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# If "l" comes before "z" how is "lion" not greater than "zebra"?

the question is asking ('lion' < 'zebra') In which case l comes before z. Thus, it should be greater than zebra. Unless I'm misinterpreting it, than this might be an error.

STAFF

Hi there, Matt Leblanc! While james south has provided a really solid answer, let me see if I can put it a little differently. When you hit a key on your keyboard, your computer doesn't see a letter. Your computer doesn't even know what a letter is really. It sees a number. These numbers are determined by the character encoding system you're working with. In every system I'm aware of, there is generally a 26 letter block laid out with consecutive numbers that begin with "a" and end with "z". Also, there will be another 26 letter block that begins with "A" and ends with "Z".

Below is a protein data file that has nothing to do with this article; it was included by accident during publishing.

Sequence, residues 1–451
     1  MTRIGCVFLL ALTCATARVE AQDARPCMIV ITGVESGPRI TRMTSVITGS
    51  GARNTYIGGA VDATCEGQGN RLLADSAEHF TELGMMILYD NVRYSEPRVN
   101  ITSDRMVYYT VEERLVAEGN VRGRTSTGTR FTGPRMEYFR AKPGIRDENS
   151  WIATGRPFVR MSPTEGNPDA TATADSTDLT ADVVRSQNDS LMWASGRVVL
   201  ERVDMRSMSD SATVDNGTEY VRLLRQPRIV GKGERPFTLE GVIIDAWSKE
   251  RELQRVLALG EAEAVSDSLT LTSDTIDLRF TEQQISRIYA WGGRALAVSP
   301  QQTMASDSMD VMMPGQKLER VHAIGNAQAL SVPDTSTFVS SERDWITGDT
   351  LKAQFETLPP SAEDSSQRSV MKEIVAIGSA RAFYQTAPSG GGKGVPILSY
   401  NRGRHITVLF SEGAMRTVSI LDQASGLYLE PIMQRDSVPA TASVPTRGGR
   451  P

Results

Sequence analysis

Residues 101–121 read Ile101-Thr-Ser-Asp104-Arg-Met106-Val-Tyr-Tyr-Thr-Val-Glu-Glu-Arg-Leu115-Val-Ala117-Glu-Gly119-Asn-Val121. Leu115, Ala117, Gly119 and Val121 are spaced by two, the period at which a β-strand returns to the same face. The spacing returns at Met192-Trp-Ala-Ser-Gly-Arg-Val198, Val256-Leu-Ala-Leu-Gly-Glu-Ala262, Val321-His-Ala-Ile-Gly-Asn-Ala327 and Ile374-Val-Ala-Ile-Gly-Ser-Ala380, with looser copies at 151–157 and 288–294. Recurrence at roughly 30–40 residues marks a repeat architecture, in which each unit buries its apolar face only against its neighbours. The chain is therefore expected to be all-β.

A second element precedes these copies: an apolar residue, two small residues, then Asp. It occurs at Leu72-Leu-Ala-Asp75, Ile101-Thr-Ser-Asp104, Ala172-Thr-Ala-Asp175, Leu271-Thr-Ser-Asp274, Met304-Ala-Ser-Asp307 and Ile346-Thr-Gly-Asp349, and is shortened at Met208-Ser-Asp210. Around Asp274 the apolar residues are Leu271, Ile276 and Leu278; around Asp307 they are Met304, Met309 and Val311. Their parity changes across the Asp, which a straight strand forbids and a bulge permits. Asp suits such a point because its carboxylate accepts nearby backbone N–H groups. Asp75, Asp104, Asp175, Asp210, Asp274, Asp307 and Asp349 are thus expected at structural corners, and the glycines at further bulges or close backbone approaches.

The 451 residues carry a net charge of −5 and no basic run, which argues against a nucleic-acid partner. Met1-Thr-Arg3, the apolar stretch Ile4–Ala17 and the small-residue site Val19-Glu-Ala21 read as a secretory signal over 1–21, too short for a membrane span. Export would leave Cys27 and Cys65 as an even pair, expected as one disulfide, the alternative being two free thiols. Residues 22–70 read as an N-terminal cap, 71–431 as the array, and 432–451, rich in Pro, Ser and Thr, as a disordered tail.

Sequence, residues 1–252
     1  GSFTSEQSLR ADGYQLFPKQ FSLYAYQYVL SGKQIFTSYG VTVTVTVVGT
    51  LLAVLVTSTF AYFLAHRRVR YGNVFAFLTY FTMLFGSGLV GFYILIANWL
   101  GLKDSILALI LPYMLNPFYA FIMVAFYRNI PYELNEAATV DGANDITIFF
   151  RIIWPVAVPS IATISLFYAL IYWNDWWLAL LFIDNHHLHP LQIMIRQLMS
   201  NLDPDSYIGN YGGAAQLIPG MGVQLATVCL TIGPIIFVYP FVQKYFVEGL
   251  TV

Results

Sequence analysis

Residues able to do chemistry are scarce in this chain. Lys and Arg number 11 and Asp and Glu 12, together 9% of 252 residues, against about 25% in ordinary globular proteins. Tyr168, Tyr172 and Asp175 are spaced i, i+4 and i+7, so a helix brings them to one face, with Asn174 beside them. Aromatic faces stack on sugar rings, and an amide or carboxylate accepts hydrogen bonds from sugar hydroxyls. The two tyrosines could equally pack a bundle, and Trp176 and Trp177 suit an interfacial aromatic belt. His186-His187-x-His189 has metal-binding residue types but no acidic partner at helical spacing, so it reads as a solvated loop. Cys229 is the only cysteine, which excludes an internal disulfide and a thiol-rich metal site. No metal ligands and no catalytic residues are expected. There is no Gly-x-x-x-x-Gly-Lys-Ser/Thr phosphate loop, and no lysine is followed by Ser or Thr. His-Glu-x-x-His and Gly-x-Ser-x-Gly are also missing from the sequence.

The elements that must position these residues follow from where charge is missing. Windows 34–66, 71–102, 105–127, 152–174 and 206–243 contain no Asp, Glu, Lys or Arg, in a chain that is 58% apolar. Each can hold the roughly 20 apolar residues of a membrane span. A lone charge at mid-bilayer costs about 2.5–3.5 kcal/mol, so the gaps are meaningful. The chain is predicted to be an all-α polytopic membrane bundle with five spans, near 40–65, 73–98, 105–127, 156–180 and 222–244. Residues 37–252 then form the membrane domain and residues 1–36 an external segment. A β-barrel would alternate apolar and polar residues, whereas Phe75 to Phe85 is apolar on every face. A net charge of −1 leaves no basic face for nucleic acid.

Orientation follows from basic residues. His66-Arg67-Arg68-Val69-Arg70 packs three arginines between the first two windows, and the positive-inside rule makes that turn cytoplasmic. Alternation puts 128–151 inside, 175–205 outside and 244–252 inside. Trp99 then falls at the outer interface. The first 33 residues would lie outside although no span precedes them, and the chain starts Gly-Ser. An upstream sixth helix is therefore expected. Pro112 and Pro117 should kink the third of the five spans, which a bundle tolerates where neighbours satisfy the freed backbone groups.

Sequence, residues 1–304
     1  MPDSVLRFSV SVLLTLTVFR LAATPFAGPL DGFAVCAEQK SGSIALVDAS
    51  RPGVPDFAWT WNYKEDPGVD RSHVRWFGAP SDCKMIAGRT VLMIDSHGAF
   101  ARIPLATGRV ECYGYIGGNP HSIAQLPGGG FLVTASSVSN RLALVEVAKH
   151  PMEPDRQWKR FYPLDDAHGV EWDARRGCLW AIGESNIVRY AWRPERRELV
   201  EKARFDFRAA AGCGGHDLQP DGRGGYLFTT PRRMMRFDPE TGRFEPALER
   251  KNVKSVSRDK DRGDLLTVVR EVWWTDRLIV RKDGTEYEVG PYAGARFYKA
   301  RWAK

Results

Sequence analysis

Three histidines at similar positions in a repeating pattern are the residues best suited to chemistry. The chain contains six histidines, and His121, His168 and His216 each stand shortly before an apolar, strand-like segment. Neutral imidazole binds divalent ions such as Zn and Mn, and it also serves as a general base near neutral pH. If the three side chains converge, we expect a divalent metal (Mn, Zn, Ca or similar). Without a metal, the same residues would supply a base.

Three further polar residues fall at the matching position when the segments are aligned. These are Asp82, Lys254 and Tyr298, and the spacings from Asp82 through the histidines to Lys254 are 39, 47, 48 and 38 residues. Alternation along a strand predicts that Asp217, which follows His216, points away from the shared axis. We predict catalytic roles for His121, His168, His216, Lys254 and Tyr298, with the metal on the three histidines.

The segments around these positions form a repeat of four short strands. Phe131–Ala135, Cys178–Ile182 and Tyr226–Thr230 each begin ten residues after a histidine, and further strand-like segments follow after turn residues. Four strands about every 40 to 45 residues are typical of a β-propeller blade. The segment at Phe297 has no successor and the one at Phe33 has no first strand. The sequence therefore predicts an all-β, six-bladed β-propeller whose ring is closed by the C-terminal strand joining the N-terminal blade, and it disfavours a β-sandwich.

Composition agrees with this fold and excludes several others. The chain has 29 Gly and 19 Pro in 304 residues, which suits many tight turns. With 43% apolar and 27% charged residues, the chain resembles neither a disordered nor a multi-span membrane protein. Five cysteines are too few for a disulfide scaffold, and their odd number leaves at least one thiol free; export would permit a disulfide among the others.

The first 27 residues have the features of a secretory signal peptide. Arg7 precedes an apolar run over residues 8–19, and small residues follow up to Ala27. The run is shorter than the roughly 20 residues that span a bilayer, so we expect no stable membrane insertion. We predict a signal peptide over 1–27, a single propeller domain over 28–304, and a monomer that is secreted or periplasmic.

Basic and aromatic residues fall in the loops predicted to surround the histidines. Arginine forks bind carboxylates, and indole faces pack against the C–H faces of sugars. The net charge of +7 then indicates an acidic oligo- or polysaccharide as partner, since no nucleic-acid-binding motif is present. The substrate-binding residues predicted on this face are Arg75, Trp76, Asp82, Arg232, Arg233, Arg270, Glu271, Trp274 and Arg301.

As a child, you may have developed a "code" with your friends which substituted letters for numbers. Something like `a = 1, b = 2, c = 3, d =4 ...`. This is exactly the same principle. The letters that come first in the alphabet have a lower numerical value.

Take a look at this ASCII chart and take a look specifically at the numbers 65-90 and 97 to 122.

Hope this helps!

l comes before z the same way 3 comes before 7. so letters earlier in the alphabet are less than subsequent letters.

``` 1 < 2
true
'l' < 'z'
true
'zebra' > 'lion'
true
'zebra' < 'lion'
false
```

OH. That makes sense. Phew. I automatically assumed the a or A would be greater just because it starts the alphabet. Now that I know a = 1, b = 2....etc. That is why l = 12 is less than z = 26. Or how the computer sees it as 12 < 26 Thanks for the comments!